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C++ For Dummies®, 6th Edition by Stephen R. Davis

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Chapter 25. Inheriting Multiple Inheritance

In This Chapter

  • Introducing multiple inheritance

  • Avoiding ambiguities with multiple inheritance

  • Avoiding ambiguities with virtual inheritance

  • Figuring out the ordering rules for multiple constructors

  • Getting a handle on problems with multiple inheritance

In the class hierarchies discussed in other chapters, each class inherits from a single parent. Such single inheritance is sufficient to describe most real-world relationships. Some classes, however, represent the blending of two classes into one. (Sounds sort of romantic, doesn't it?)

An example of such a class is the sleeper sofa that integrates a harsh bed into an uncomfortable sofa. To adequately describe a sleeper sofa in C++, the sleeper sofa should be able to inherit both bed- and sofa-like properties. This is called multiple inheritance.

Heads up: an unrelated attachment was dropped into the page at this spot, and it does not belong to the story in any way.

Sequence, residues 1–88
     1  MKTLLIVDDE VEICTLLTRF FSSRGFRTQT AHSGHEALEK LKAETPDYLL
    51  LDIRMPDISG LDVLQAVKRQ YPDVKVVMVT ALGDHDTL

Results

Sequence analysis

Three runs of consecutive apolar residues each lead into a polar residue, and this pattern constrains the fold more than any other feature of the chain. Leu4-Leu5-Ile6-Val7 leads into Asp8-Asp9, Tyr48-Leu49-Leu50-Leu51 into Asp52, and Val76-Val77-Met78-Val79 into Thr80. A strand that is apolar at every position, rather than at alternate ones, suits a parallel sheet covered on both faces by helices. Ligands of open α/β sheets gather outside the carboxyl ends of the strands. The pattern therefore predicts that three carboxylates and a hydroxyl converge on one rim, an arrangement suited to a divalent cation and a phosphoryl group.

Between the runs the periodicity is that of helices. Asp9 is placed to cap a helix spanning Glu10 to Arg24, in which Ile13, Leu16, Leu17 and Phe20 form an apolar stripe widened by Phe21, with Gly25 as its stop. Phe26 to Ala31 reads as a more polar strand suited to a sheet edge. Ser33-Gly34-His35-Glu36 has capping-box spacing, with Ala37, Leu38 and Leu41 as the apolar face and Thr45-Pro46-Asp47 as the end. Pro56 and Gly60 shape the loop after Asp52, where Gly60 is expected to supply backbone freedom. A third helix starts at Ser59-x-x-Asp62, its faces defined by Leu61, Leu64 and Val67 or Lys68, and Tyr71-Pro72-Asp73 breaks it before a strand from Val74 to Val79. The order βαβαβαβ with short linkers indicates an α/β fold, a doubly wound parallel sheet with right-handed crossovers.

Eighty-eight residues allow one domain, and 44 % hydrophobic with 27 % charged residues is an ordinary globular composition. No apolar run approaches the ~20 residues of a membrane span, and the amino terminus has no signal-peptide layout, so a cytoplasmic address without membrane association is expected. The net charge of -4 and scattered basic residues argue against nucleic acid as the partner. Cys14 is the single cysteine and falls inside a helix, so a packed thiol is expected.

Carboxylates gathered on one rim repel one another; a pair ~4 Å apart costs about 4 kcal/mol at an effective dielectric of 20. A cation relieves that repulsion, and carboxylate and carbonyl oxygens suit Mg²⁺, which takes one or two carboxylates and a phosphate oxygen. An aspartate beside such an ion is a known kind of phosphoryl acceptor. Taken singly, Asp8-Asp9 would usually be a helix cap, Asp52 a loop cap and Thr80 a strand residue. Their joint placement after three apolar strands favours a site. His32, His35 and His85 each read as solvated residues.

Describing the Multiple Inheritance Mechanism

Figure 25-1 shows the inheritance graph for class SleeperSofa that inherits both from class Sofa and from class Bed.

Class hierarchy of a sleeper sofa.

Figure 25.1. Class hierarchy of a sleeper sofa.

The code to implement class SleeperSofa looks like the following:

// // MultipleInheritance - a single class can inherit from // more than one base class // #include <cstdio> #include <cstdlib> #include <iostream> using namespace std; class Bed { public: Bed(){} void sleep(){ cout << "Sleep" << endl; } int weight; }; class Sofa { public: Sofa(){} void ...

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